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PUBLISHED BY RICE UNIVERSITY
C O N T E N T S
Abstract: Recent rhetorical approaches to the long Renaissance poem have suffered from an inability to describe the operation and effect of the poem as a totality. The classical rhetorical motives of praise and blame, persuasion and propaganda have been advanced traditionally to explain the shape and activity of certain genres, where a more flexible and sympathetic investigation of the poetic uses of rhetoric might bring us closer to the heart of the individual poem. This is particularly true of historical poetry, which has received an overlay of explanation according to political and ideological background, to standard rhetorical devices and to outmoded notions of source-borrowing and imitation. In examining passages of the Barons Warres I have tried to demonstrate what may be the poetic uses of source material and of rhetorical amplification, resulting in the "fictionalizing" of the historical events. By noting the poetic rhythm of providential and private concerns, of particular and general statement, we may find a new understanding of what the imitation of history and its accompanying rhetorical performance meant to the Renaissance poet.
Abstract: In naming his traveller to Utopia Raphael Hythlodaeus, More uses, and simultaneously varies, a complex tradition of angelic names and offices to amplify the character and his functions. Archangels generally are messengers of illumination, while St. Raphael was long thought of as the "medicus," the angel-physician who cures souls and bodies, and the traveller-guide who leads men on their journeys in life and through it. Liturgy, art, philosophy, and theology perpetuated these offices, which coalesce about salus (health, safety, welfare, and salvation), and equally traditional associations with charity and vision. Like his archangelic prototype, this Raphael is a prophetic messenger, traveller, and guide, attacking the avarice and pride of a country blindly following the wrong road. As the "medicus salutis" he seeks to cure a sick state; as a "peregrinator" to show the right way. More's figures and tropes underline these functions, while he wittily plays upon one office, the traditional pilgrim-guide becoming the world traveller and explorer. His dramatic inversion of the traditional gesture ironically qualifies these functions. As the guide is guided at the end of Utopia, the paradox of his name is brought home; Raphael is also Hythlodaeus, his vision a tall traveller's tale.
Harry Berger Jr.
Abstract: Merlin's chronicle in Faerie Queene III.iii is ordered into a series of three cycles (III.iii.26-34, 35-42, 43-50) organized in such a way as to reveal the conflicting claims of two dynamic patterns: a recurrent pattern in which elemental, hostile, and animal tendencies are sustained through history; and a linear pattern in which each cycle differs in total character from its predecessor. The first cycle is dominated by simple and primitive forces: physical force, size, and number are the determining factors, while the moral issues are clearcut—good Britons, bad enemies. The second cycle reveals a more complicated network of forces and values in which it is less easy to identify praise- and blame-worthy parties. Treachery and duplicity play a bigger role, and the Britons confront a "good" Christian enemy; the final defeat of the Britons in this cycle is imposed by heaven, not by men. In the third cycle, Merlin makes it clear that the Britons as a nation—an ethnic group—have had their day in history: they represent the youthful and intuitive vigor of the English people as a racial or natural quality, and they must be superseded by, assimilated to, the more complicated and abstract structure of a political entity.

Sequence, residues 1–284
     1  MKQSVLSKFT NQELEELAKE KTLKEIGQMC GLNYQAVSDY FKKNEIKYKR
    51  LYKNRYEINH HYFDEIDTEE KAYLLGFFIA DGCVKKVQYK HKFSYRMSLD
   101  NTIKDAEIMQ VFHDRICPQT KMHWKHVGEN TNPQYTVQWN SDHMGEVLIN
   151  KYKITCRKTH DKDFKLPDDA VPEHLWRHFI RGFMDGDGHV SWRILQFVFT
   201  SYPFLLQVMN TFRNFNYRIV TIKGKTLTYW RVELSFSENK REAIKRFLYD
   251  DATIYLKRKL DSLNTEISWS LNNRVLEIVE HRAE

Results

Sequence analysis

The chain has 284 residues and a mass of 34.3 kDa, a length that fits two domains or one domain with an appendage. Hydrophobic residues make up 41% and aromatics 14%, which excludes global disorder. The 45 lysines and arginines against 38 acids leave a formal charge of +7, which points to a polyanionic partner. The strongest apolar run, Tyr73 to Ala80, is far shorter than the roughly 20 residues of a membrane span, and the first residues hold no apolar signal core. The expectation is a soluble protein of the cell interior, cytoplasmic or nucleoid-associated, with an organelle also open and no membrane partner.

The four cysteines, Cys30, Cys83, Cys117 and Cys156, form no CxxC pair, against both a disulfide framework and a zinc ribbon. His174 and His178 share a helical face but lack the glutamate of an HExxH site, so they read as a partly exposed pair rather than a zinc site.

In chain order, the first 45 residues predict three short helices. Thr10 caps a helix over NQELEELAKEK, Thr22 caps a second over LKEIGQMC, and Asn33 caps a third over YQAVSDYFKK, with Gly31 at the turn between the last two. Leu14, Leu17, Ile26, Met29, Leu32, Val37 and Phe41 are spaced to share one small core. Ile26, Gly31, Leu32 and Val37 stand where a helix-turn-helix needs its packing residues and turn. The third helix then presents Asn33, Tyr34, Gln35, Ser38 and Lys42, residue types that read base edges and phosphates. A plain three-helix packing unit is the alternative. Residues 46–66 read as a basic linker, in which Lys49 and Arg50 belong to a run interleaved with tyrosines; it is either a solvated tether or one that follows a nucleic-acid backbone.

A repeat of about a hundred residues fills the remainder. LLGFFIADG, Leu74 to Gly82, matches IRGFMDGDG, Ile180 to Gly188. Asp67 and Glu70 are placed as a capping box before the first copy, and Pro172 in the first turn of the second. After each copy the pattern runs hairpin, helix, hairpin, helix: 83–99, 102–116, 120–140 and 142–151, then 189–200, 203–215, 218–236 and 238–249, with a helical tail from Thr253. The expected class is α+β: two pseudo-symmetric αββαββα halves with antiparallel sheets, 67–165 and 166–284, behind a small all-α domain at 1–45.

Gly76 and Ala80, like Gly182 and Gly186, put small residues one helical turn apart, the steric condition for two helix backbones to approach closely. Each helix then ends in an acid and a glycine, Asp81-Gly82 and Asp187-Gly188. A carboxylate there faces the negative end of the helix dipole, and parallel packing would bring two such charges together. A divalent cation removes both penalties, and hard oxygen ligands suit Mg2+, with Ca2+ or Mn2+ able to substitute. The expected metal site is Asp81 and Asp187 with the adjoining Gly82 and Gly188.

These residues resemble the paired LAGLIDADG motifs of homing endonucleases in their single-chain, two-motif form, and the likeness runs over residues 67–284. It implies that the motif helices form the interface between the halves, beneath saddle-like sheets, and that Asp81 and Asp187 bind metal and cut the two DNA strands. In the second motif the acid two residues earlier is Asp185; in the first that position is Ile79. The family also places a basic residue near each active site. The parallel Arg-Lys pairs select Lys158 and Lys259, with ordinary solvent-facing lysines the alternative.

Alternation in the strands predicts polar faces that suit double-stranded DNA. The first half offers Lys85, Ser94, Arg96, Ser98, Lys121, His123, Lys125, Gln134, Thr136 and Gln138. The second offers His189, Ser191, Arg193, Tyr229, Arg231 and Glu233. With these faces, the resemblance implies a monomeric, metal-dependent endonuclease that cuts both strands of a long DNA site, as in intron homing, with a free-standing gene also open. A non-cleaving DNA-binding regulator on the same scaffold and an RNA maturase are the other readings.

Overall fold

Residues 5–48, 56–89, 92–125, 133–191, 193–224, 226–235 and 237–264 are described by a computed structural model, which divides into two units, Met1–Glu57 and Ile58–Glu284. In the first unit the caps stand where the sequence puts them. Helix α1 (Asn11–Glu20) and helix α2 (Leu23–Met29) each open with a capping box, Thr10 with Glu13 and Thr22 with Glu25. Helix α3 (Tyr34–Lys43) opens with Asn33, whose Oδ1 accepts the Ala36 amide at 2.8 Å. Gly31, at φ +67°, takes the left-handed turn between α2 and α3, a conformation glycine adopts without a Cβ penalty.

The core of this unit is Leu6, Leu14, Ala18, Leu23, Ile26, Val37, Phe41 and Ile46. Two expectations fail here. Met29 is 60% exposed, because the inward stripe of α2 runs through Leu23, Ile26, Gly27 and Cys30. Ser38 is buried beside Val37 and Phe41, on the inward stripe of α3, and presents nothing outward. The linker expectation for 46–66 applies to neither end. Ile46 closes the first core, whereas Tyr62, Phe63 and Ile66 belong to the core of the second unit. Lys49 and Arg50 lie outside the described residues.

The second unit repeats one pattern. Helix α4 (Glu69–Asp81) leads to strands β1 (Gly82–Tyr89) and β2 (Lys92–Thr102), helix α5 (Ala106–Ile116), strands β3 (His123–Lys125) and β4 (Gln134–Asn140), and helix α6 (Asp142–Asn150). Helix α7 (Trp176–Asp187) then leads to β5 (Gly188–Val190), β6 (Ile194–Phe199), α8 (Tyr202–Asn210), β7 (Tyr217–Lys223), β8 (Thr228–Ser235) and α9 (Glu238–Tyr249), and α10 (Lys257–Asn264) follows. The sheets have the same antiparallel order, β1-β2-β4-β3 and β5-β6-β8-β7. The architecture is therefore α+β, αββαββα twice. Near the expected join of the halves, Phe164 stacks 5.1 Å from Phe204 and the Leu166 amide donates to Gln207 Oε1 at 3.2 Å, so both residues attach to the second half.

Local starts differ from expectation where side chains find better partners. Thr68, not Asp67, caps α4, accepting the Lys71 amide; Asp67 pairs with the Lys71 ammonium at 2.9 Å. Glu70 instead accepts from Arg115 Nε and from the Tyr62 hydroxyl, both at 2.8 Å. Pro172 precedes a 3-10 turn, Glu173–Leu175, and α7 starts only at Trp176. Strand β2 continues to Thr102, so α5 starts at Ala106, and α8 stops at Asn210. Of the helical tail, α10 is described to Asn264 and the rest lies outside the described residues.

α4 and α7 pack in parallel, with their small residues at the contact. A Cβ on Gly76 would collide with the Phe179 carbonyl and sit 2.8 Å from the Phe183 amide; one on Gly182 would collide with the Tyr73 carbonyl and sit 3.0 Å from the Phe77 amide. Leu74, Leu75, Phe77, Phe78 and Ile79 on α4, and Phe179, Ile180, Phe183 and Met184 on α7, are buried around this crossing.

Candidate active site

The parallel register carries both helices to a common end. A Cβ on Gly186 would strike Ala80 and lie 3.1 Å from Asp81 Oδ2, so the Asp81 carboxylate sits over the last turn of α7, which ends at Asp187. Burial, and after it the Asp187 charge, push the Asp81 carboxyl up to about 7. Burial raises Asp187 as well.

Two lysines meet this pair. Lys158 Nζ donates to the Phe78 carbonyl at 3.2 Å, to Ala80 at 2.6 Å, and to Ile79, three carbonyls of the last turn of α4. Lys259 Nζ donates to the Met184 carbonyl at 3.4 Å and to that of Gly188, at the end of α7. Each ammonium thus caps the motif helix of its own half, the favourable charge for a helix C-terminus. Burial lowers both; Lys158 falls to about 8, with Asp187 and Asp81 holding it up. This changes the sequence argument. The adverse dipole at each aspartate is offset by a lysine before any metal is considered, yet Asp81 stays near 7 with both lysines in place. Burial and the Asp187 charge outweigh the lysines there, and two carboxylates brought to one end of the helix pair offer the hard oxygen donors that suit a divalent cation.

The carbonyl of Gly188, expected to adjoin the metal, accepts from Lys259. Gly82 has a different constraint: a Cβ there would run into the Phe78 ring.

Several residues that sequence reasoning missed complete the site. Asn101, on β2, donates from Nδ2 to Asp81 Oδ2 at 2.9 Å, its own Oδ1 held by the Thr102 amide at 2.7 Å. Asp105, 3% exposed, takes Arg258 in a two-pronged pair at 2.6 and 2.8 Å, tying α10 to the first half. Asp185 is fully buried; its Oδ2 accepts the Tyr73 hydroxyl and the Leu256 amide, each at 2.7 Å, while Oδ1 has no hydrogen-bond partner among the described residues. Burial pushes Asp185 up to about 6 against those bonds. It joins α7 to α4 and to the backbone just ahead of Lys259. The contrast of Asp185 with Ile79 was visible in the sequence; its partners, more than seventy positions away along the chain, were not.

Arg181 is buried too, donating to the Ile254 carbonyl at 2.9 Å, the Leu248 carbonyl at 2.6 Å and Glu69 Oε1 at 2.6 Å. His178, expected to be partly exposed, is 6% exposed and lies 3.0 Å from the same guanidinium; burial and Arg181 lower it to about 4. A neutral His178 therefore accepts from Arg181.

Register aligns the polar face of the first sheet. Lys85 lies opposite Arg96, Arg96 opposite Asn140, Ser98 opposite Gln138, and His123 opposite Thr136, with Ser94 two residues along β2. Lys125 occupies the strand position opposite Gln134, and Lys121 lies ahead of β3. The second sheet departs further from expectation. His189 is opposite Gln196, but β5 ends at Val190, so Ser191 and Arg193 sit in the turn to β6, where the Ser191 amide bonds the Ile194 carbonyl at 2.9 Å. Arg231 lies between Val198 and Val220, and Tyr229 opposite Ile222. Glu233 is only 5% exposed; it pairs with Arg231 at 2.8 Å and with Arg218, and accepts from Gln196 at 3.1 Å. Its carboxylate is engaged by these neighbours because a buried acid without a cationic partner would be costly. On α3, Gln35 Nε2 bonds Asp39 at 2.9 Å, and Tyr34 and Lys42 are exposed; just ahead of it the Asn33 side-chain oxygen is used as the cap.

D. Douglas Waters
Abstract: In the theological allegory of The Legende of Holinesse Spenser uses Prince Arthur as a symbol of the moral virtue of magnanimity or greatness of soul, a "christianized" concept of Aristotle's megalopsychia appropriated by St. Thomas Aquinas, Patrizi, Pontano, Cinthio, Piccolomini, Sir Thomas Elyot, La Primaudaye, Cardinal Cajetan, and others. Heavenly grace and Una (truth) bring Prince Arthur to Red Crosse's rescue, just as St. Thomas believed any infusion of the moral virtues presupposed the presence of grace. Having diminished his magnanimity or greatness of soul through actual sins in Cantos II-VII, the Knight of Holiness falls victim to Orgoglio (pride) and is helpless without the coming of Prince Arthur (symbolizing the infusion of magnanimity into Red Crosse's soul). In harmony with most Catholic and some Protestant views of the christian man's ability to cooperate with grace and rise from sin, Spenser shows that grace infuses magnanimity, that Red Crosse cooperates with grace and repents, and that Prince Arthur (magnanimity) kills Orgoglio (pride).